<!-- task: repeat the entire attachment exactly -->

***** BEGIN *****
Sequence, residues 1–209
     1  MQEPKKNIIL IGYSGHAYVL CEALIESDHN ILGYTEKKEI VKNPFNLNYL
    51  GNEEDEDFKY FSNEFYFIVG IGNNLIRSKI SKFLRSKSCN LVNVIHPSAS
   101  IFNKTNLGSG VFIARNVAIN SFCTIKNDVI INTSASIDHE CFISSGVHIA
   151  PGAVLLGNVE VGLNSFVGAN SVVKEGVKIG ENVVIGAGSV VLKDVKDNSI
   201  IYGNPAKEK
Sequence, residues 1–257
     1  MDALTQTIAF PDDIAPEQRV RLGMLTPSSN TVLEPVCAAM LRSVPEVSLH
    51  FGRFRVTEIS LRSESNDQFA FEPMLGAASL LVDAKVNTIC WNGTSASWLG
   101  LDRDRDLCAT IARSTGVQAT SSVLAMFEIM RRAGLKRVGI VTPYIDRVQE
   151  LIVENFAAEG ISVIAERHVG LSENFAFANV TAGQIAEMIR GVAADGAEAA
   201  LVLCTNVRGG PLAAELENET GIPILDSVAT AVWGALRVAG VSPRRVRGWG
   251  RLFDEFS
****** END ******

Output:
Sequence, residues 1–209
     1  MQEPKKNIIL IGYSGHAYVL CEALIESDHN ILGYTEKKEI VKNPFNLNYL
    51  GNEEDEDFKY FSNEFYFIVG IGNNLIRSKI SKFLRSKSCN LVNVIHPSAS
   101  IFNKTNLGSG VFIARNVAIN SFCTIKNDVI INTSASIDHE CFISSGVHIA
   151  PGAVLLGNVE VGLNSFVGAN SVVKEGVKIG ENVVIGAGSV VLKDVKDNSI
   201  IYGNPAKEK
Sequence, residues 1–257
     1  MDALTQTIAF PDDIAPEQRV RLGMLTPSSN TVLEPVCAAM LRSVPEVSLH
    51  FGRFRVTEIS LRSESNDQFA FEPMLGAASL LVDAKVNTIC WNGTSASWLG
   101  LDRDRDLCAT IARSTGVQAT SSVLAMFEIM RRAGLKRVGI VTPYIDRVQE
   151  LIVENFAAEG ISVIAERHVG LSENFAFANV TAGQIAEMIR GVAADGAEAA
   201  LVLCTNVRGG PLAAELENET GIPILDSVAT AVWGALRVAG VSPRRVRGWG
   251  RLFDEFS